HomeOutdoorsPhotos: First Known Skinless Shark Reportedly Discovered

Photos: First Known Skinless Shark Reportedly Discovered

by Halle Ames
(Photo Credit: Paul Kay/ Getty Image)

Does anything in 2020 surprise us anymore? Maybe this will. Scientists have recently discovered a skinless shark living in waters deep in the northeast Atlantic Ocean.

Did You Say a Skinless Shark?

This blackmouth catshark was caught in a net off the coast of South Sardinia. The strange creature has no skin-like structure, including an epidermis, stratum laxum, dermal denticles, and no teeth.

“The first reaction was a big surprise,” said lead author on the study, Antonello Mulas. “Since the specimen was so strange, at first, we checked for a possible report of a new species for the Mediterranean, but it was clear that this was not the case.”

Shark’s skin is responsible for many different functions that keep the animal alive. The outermost layer consists of tooth-like dermal denticles that protect the shark from other predators, as well as their environment. The skin also releases a mucus that is part of the shark’s immune system. In addition, the mucus prevents infectious microbes from hurting its host.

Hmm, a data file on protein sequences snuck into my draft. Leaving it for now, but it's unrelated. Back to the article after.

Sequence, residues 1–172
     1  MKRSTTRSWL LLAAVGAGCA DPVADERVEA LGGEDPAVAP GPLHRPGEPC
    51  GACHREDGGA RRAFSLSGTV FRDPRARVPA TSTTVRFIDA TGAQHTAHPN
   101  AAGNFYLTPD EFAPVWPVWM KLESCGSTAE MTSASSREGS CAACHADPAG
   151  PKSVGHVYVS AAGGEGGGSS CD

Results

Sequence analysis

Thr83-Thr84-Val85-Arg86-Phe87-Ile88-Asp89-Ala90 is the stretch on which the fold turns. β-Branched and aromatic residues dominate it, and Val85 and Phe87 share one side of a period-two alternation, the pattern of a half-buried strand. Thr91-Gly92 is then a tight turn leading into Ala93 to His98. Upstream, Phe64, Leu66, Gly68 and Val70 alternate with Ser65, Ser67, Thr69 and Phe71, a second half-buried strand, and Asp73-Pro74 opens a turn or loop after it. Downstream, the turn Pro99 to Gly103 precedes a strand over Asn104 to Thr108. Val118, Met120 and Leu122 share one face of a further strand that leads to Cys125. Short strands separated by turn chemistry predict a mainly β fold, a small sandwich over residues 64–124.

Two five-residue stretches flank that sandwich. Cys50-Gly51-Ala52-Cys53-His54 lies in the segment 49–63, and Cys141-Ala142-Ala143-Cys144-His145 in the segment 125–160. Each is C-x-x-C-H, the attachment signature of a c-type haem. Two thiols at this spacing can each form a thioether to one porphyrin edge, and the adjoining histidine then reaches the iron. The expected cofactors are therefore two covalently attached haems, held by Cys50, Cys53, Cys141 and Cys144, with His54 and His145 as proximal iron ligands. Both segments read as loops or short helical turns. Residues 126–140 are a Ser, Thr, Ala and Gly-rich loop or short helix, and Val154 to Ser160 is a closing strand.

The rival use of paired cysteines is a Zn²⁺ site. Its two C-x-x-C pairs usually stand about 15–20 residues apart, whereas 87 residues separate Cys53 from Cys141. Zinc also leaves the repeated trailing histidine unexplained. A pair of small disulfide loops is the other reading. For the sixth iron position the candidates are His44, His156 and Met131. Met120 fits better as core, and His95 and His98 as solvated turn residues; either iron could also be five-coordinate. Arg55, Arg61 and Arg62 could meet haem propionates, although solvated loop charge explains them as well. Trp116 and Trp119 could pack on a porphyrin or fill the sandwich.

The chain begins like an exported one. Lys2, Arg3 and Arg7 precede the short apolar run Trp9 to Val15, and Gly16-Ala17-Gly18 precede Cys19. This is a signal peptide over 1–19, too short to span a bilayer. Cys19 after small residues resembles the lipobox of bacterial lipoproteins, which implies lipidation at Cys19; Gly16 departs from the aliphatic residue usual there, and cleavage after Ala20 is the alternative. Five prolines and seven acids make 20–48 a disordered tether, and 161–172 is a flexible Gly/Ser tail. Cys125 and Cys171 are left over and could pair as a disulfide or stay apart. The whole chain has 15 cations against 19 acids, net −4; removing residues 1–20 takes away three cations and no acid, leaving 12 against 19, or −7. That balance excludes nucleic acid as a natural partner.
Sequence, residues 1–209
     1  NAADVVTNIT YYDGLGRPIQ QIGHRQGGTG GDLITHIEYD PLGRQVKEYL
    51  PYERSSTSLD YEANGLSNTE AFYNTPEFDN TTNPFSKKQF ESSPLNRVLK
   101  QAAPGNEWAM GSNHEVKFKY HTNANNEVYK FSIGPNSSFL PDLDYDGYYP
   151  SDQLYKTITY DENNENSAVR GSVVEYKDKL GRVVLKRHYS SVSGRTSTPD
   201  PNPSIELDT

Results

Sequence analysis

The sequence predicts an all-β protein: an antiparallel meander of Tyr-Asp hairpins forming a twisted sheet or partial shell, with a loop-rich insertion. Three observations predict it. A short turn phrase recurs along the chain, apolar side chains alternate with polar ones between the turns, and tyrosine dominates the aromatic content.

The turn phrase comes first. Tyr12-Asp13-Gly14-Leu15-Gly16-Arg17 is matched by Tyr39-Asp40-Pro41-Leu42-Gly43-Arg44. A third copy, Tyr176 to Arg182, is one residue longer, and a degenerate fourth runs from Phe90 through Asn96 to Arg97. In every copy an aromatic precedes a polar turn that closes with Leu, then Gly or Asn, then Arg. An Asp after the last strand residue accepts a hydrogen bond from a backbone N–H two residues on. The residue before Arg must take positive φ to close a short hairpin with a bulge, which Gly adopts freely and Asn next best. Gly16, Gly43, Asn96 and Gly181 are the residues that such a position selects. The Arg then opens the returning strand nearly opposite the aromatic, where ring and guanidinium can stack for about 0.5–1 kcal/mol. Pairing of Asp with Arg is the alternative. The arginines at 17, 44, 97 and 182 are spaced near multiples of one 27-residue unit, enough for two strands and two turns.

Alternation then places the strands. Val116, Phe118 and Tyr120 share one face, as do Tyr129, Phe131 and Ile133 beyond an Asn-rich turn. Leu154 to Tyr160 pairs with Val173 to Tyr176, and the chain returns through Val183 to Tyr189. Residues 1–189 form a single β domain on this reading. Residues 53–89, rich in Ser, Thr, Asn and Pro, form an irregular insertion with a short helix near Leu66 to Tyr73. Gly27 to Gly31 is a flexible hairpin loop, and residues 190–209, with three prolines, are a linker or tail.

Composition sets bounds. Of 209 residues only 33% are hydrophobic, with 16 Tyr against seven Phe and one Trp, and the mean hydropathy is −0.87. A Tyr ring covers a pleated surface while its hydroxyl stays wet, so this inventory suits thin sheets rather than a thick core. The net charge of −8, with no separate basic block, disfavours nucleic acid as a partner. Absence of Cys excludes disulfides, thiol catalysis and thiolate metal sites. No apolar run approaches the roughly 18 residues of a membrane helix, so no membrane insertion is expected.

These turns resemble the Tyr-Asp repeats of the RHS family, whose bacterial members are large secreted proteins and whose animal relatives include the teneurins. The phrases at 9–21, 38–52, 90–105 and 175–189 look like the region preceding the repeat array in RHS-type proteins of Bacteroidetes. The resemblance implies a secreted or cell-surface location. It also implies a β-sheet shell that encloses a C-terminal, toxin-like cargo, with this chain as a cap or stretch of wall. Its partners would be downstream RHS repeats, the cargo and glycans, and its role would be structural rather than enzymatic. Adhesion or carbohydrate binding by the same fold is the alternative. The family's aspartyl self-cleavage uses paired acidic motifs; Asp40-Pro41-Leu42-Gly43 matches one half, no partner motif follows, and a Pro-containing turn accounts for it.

This blackmouth catshark has thin, smooth, and translucent skin. Blackmouth catsharks are abundant but this is the first one without its skin.

“The malformation was even more severe than we thought but, at the same time, the stomach contents and the vertebral centra analysis showed us that this catshark was perfectly capable to feed on its typical prey and that, according to the species growth curve, it followed a normal growth,” said Mulas.

Blackmouth catshark’s diet includes cephalopods, invertebrates, and small fish.

The catshark was missing its teeth, so it swallowed its prey whole. In fact, the researchers said that despite missing major necessary body parts, this shark was in good health.

Mulas concludes, saying, “Was this malformation ‘natural’ or was it induced by some teratogenic factor-like ocean acidification, temperature rise, or pollution? It is very difficult to answer but, considering that malformations in sharks are being reported more frequently, it is very interesting to investigate.”

[H/T Forbes]